Although Newtonian physics was flawed, it is still an incredibly good theory. After all, if you were to ask Richard Feynman (note 4) about a projectile motion problem, he would use Newtonian physics to solve the problem. For a high-velocity object such as an incredibly fast bullet train traveling at 3000 meters/second, Newtonian physics is 99.9999999999% accurate. As such, it is quite reasonable to say that Newtonian physics is quite valid(note 5) – it just so happens that scientists have created a slightly more nuanced description of nature.

Flat-earthing(an exercise in absurdity)
As we’ve seen, a scientific theory such as Newtonian physics is really quite valid, even if it’s a little bit flawed. But let’s take the worst case scenario, perhaps through some (absurdly) bad conclusion drawing.
Suppose a scientist is measuring the land, and observes that the ground is mostly flat. The scientist then repeats this for many locations, and throughout, observes that the earth is essentially flat across each of these locations. Based on the data, the scientist then (incorrectly) concludes that the earth is flat. Supposing that it does become a theory, one might be tempted to regard this as an example where a scientific theory is just plain wrong. However, this is not entirely true – the scientist’s theory is somewhat valid – the earth is (more or less) flat at small length scales.

If we examine a sphere from far away, it is obviously round and curved. But if we zoom in a little further, it looks a little less round, and a little less curved. If we zoomed in even more, the earth would look shallowly curved(note 6). Now, applying this to real life, we rely on this fact every day. When we park cars in parking lots, we don’t bother considering the earth’s curvature at that point. When construction workers use a leveler, they neglect any curvature of the earth. Even though the scientist’s theory is flawed, it still finds uses in everyday life.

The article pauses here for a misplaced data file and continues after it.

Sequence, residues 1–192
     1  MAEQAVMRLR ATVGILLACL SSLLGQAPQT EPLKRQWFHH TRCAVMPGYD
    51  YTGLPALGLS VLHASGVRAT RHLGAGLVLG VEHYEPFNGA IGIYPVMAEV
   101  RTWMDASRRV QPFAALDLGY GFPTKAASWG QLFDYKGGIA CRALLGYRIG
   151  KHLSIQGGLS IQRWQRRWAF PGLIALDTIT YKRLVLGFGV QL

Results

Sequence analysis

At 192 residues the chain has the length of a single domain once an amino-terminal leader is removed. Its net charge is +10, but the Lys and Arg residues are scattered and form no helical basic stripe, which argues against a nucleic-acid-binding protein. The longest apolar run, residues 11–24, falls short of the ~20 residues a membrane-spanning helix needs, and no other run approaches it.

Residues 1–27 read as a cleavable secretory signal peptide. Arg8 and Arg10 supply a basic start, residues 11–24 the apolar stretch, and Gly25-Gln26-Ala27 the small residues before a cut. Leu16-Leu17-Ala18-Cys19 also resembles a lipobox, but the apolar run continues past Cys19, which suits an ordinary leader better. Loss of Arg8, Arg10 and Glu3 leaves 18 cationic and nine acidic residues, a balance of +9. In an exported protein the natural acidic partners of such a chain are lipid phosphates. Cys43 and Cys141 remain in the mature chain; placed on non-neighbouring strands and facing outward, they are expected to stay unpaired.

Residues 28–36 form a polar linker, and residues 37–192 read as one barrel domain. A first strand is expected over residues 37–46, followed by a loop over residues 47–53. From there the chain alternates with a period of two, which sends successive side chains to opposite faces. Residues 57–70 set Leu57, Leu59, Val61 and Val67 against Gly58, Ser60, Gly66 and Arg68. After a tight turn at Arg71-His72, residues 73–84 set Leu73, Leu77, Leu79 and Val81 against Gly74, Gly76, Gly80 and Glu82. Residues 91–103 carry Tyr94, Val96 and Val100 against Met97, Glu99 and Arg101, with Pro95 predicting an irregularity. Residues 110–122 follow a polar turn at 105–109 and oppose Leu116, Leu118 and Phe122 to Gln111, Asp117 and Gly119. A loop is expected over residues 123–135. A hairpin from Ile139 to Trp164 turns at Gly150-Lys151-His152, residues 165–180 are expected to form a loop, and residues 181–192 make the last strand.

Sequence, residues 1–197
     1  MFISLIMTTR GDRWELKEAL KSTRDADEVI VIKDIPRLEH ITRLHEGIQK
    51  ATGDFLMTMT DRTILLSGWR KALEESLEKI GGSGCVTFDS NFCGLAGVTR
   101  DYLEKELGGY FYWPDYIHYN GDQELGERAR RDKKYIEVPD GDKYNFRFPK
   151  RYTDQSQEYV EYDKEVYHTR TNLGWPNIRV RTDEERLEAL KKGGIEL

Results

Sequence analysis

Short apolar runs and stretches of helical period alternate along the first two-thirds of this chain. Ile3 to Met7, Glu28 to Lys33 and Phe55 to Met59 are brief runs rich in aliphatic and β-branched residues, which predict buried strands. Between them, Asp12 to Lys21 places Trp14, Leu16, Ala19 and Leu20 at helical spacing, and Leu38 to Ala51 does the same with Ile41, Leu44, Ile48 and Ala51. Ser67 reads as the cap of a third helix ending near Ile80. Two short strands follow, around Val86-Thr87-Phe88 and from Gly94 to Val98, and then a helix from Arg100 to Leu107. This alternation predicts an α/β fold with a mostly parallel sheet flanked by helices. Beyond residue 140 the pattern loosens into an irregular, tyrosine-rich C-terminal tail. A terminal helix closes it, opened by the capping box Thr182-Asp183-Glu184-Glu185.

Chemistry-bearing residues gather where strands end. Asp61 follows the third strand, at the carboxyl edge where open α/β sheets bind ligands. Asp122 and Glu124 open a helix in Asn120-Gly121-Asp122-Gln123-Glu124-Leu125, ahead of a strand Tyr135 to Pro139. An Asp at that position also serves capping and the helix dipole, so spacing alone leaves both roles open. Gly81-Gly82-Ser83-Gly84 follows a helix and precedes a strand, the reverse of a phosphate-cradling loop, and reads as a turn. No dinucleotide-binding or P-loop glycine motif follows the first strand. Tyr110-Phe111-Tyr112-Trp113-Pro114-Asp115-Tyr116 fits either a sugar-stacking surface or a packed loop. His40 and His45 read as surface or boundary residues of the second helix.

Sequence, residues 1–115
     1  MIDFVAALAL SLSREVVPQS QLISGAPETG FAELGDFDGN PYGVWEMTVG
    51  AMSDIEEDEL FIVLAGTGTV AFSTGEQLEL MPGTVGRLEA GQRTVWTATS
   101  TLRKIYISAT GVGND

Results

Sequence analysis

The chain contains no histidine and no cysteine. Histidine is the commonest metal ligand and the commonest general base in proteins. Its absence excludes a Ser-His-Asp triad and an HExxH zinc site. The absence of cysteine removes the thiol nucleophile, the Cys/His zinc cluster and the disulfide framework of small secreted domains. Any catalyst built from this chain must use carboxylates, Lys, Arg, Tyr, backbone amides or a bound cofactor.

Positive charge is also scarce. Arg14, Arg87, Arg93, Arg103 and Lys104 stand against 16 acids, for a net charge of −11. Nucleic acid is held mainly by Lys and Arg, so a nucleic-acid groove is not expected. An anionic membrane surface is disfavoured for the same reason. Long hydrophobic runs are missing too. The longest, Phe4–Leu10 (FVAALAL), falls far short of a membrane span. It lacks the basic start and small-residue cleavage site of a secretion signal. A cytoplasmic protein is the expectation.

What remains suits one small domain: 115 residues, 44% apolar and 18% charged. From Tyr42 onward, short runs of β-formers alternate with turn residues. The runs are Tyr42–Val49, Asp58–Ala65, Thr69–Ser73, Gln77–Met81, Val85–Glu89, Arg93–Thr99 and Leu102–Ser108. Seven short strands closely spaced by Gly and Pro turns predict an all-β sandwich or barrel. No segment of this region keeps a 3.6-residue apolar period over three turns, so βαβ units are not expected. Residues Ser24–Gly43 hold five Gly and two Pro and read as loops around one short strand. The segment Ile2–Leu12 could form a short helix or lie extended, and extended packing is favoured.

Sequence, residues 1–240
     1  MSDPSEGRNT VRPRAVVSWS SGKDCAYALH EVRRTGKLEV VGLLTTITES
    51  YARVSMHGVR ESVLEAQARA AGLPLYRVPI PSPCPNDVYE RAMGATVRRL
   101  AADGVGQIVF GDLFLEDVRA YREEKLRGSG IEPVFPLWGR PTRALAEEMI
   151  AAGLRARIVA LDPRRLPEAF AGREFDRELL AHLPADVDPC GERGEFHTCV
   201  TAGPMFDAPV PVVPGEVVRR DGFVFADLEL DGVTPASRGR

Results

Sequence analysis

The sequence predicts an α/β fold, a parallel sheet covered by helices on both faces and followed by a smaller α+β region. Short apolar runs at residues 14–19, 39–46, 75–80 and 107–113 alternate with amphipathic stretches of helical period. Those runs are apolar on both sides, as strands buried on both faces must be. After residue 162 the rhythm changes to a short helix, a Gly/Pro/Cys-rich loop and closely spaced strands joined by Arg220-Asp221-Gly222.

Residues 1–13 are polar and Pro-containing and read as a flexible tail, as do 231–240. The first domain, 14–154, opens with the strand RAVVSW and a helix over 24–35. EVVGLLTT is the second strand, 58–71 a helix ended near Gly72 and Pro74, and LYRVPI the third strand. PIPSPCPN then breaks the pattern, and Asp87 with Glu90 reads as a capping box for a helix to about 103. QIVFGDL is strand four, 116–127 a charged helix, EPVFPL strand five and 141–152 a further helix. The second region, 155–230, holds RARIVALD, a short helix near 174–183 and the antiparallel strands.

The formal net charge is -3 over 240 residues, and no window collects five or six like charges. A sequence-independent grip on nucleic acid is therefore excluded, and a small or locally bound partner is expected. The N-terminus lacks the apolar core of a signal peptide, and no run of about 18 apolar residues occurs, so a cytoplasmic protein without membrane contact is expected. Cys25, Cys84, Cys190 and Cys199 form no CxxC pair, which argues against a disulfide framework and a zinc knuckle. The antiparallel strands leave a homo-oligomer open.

In summary, the data-driven scientific method is powerful, rigorous, and ultimately yields powerful results. Any scientific theory must explain existing phenomena accurately, making it intrinsically correct to some degree – even the most absurd theories that are created with the scientific method contain some degree of correctness.

Snarky notes and other useful things
Note 1: These conclusions include infinite maximum speed(replaced by special relativity), infinitely continuous quantities(replaced by quantum mechanics), and simultaneity(replaced by special relativity).
Note 2: These experiments include the Michelson-Morley experiment, muon half-life observations, and gravitational lensing due to the sun.
Note 3: Quantum electrodynamics combines relativity and quantum mechanics. It, in turn, is part of the Standard Model of Physics. For the most part, equations are all math – and I applaud anyone who can truly understand them.
Note 4: Feynman won the Nobel Prize in physics for his work on quantum electrodynamics, and is/was widely regarded as an excellent physicist. He also died a while back, but he did teach undergraduate classes at Caltech(and used Newtonian physics to solve Newtonian problems).
Note 5: A 99% is generally considered to be a very good grade on a test(and indicates that a student is not completely wrong/reasonably knowledgeable), the same logic applies for scientific theories.
Note 6: This may be difficult to visualize, but the link here: http://ned.ipac.caltech.edu/level5/Guth/Figures/figure4.jpeg gives a good idea of local sphere flatness.

nichodemus
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nichodemus
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Viceroy

I've learnt alot after doing some reading that's relevant to my topic! Still pretty confused on some of the more detailed theories and points, but oh well! My arguments are appalling next to what I found.

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We do not have moral obligations to non-human animals.
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"Whoever is righteous has regard for the life of his beast." Proverbs 12:10